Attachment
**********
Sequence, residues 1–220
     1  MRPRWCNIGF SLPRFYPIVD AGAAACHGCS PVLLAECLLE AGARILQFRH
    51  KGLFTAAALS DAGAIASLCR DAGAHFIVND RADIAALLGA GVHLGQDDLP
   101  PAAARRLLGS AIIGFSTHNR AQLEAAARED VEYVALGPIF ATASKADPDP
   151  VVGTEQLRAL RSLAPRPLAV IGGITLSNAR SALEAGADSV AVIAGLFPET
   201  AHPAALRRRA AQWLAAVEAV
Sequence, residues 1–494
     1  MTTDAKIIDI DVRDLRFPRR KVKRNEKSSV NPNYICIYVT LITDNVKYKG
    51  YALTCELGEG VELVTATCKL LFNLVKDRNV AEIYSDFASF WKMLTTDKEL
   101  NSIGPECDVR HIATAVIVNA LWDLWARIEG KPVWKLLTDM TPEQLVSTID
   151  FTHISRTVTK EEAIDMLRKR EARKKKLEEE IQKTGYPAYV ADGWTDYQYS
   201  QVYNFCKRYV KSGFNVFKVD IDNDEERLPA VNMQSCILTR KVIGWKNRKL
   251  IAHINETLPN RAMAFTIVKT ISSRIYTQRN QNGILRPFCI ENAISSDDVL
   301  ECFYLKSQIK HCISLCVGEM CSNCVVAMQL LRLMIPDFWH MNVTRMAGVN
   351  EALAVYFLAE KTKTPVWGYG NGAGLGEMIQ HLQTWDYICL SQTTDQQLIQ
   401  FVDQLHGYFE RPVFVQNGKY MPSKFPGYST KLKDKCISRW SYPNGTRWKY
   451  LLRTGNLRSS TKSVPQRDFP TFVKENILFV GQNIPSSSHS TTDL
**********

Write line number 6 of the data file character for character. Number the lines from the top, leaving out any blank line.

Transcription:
   201  AHPAALRRRA AQWLAAVEAV